Attendees of next month’s 2013 American Counseling Association Conference & Expo in Cincinnati will be treated to a new series of conference sessions aimed at shedding light on research by ACA members on topics that uniquely benefit clients.
Called the Client-Focused Research Series, these 30-minute presentations aim to increase awareness of research that focuses on improving the services that professional counselors provide to clients.
In the weeks leading up to the conference, Counseling Today is speaking with some of the presenters about their research and why they believe it is important to the enhancement of the profession. Next up is Lori A. Russell-Chapin, professor of counselor education and associate dean of the College of Education and Health Sciences at Bradley University. Russell-Chapin, who is also co-director of the Center for Collaborative Brain Research and a member of the Association for Creativity in Counseling and the Association for Counselor Education and Supervision, will be presenting with Theodore J. Chapin on “A Pilot Study of Neurofeedback, fMRI and the Default Mode Network: Implications for the Treatment of ADHD.”
What would you like attendees to take away from your session?
Counselors need to better understand that there is another noninvasive method for the treatment of psychological and behavioral symptoms. Neurofeedback (NFB) is that other option, in addition to counseling and medication. Neurofeedback, a type of neuromodulation, helps to regulate the brain and helps it to perform in a more efficient and effective manner. NFB works with computerized software, an electroencephalograph (EEG) instrument and the principles of operant and classical conditioning to help normalize and strengthen dysregulated brainwaves.
Counselors also need to better understand the importance and role that neuroscience must play in our everyday counseling lives. What we now know about the brain enhances and changes how we conduct counseling. I have been telling our graduate students for years that understanding the brain will change how we do counseling. That knowledge has arrived, and we counselors must understand and utilize those fascinating results. It only makes us more competent in our trade.
How did you first get involved with studying attention-deficit/hyperactivity disorder (ADHD)?
Whenever I would go into the school system to help our student counselors, there always seemed to be so many young children who had symptoms of ADHD. In our private practice it is also a prevalent concern. ADHD is the most common childhood psychiatric disorder, with a cumulative incidence reaching 7.5 percent by age 19 (Barbaresi, Katusic, Colligan, Weaver, Pankratz & Mrazek, 2004).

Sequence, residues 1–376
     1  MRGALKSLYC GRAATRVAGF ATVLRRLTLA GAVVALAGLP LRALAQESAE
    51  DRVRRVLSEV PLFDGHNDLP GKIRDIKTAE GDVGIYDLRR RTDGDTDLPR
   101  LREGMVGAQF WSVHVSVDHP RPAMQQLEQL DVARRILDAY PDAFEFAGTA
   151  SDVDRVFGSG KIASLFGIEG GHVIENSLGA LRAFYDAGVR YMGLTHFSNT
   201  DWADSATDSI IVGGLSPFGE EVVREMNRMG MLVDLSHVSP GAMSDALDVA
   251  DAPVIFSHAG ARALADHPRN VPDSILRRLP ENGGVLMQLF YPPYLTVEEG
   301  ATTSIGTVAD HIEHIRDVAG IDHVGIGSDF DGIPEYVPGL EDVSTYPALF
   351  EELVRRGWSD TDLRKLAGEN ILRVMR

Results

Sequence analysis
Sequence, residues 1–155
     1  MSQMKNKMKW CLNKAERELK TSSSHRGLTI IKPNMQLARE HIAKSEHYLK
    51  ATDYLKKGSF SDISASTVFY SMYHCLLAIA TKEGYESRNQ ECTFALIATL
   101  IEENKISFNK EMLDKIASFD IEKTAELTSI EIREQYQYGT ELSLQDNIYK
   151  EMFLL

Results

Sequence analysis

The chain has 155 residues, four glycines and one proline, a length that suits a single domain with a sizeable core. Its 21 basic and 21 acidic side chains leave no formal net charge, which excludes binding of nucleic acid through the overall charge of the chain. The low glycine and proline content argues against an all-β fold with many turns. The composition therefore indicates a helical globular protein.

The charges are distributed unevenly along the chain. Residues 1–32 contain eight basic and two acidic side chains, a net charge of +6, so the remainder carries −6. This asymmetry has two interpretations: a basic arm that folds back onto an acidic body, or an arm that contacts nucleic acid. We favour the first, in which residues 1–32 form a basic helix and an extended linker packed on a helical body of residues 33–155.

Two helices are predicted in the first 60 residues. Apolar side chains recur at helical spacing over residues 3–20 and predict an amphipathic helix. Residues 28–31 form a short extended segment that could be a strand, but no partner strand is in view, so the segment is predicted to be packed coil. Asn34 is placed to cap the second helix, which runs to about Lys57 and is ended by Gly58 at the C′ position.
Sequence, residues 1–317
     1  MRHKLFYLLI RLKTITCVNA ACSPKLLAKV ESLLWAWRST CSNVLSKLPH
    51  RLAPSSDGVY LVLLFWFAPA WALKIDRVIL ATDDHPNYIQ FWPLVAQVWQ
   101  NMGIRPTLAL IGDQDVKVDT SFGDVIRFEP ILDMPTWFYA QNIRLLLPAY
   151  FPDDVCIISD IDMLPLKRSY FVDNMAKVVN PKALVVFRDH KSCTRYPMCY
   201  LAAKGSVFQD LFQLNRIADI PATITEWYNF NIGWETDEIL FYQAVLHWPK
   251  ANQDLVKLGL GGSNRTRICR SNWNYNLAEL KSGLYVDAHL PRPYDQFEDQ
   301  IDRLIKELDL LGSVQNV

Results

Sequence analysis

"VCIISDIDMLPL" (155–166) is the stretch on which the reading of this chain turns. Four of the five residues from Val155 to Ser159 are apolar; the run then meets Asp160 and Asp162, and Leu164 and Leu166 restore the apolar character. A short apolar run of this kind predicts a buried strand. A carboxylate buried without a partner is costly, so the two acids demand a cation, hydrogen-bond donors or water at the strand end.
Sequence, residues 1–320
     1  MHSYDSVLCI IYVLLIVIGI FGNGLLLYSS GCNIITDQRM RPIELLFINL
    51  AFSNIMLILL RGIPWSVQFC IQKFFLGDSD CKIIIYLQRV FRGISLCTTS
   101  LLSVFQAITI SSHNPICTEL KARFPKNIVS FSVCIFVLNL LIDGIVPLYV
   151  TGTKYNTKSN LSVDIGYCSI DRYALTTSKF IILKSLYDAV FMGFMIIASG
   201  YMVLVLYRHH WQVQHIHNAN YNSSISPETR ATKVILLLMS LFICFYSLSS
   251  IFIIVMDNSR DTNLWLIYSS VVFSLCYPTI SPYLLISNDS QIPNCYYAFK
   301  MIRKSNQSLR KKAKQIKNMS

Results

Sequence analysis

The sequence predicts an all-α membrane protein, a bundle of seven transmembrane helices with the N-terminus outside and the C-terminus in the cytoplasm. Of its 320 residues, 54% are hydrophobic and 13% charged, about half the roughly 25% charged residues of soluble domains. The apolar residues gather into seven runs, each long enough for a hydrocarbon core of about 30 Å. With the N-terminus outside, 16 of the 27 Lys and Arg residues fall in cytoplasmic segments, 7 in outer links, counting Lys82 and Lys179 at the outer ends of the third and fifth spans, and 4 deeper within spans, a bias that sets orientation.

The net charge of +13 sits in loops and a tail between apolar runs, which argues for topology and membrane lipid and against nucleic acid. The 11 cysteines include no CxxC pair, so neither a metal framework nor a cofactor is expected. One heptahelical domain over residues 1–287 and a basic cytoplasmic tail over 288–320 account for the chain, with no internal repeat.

Why did you decide to perform this study?
According to Konrad and Eickhoff (2010), there has been a shift of focus from regional brain pathology in children with ADHD to dysfunction in distributed network organization. Because of that belief, I took the opportunity to write a proposal for monies through our Center for Collaborative Brain Research. Our team of researchers did pre- and post-tests with fMRIs to test the ADHD hypothesis of the dysfunctional distributed network. Neuroimaging provides researchers much more advanced methods of understanding the brain and its functions and structures.
What surprised you most as you compiled your results?
Our research team certainly wanted to validate and replicate the efficacy of NFB in the treatment of ADHD, which we were able to state. However, in our pilot study, finding that the Default Mode Network (DMN) was consolidated and, even more importantly, normalized to some extent after 40 sessions of NFB was exciting and remarkable. Many researchers believe that the DMN is essential to our everyday functioning especially in the world of subjective, internal functioning of the environment around us. Often children with ADHD have great difficulty activating the DMN during a resting state or quiet time. The post-fMRIs showed that activation during the resting state after 40 NFB sessions.
Why do you feel this kind of ADHD research is important?
Further advancing knowledge is always an important reason to conduct research. Taking that knowledge and being able to offer those results to children and parents as another type of treatment for ADHD that is intrinsic, noninvasive and long-lasting is a “breath of fresh air” compared to the many side effects of stimulant medications.
Who do you feel is the best audience for this session?
Our workshop would be appropriate for any counselor who wants to know more about additional treatments for children with ADHD. It is just fascinating to see the brain results that the advancements in neuroscience offer.
Is there anything else you would like to add?
I have been providing individual counseling for several decades. I know counseling works and helps people change their lives. My neurotherapy and neurofeedback training has changed how I conduct counseling and my view of the counseling world. It has strengthened my skills and helped me have better outcomes for my clients.
Heather Rudow is a staff writer for Counseling Today. Contact her at email@example.com.